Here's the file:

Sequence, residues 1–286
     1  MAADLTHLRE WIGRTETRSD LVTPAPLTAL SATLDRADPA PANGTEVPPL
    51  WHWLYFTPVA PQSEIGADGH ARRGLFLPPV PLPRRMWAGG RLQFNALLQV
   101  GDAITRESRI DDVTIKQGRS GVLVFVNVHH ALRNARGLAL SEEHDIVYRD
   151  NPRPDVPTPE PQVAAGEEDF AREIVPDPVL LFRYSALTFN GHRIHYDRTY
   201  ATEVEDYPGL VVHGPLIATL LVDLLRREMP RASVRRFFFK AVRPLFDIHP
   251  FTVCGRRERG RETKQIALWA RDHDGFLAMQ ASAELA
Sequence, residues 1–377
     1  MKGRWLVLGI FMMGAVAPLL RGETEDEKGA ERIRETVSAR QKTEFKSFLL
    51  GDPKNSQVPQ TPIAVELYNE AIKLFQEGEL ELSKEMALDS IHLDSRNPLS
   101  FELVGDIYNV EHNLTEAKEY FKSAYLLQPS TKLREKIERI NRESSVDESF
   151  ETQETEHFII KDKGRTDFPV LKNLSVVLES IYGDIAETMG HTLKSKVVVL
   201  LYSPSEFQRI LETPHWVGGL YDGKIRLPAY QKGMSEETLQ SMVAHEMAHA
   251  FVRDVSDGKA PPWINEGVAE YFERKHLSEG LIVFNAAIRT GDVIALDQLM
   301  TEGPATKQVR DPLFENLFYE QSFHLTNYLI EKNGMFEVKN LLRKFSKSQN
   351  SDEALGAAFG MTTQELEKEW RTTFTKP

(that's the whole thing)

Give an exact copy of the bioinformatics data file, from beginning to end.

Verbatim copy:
Sequence, residues 1–286
     1  MAADLTHLRE WIGRTETRSD LVTPAPLTAL SATLDRADPA PANGTEVPPL
    51  WHWLYFTPVA PQSEIGADGH ARRGLFLPPV PLPRRMWAGG RLQFNALLQV
   101  GDAITRESRI DDVTIKQGRS GVLVFVNVHH ALRNARGLAL SEEHDIVYRD
   151  NPRPDVPTPE PQVAAGEEDF AREIVPDPVL LFRYSALTFN GHRIHYDRTY
   201  ATEVEDYPGL VVHGPLIATL LVDLLRREMP RASVRRFFFK AVRPLFDIHP
   251  FTVCGRRERG RETKQIALWA RDHDGFLAMQ ASAELA
Sequence, residues 1–377
     1  MKGRWLVLGI FMMGAVAPLL RGETEDEKGA ERIRETVSAR QKTEFKSFLL
    51  GDPKNSQVPQ TPIAVELYNE AIKLFQEGEL ELSKEMALDS IHLDSRNPLS
   101  FELVGDIYNV EHNLTEAKEY FKSAYLLQPS TKLREKIERI NRESSVDESF
   151  ETQETEHFII KDKGRTDFPV LKNLSVVLES IYGDIAETMG HTLKSKVVVL
   201  LYSPSEFQRI LETPHWVGGL YDGKIRLPAY QKGMSEETLQ SMVAHEMAHA
   251  FVRDVSDGKA PPWINEGVAE YFERKHLSEG LIVFNAAIRT GDVIALDQLM
   301  TEGPATKQVR DPLFENLFYE QSFHLTNYLI EKNGMFEVKN LLRKFSKSQN
   351  SDEALGAAFG MTTQELEKEW RTTFTKP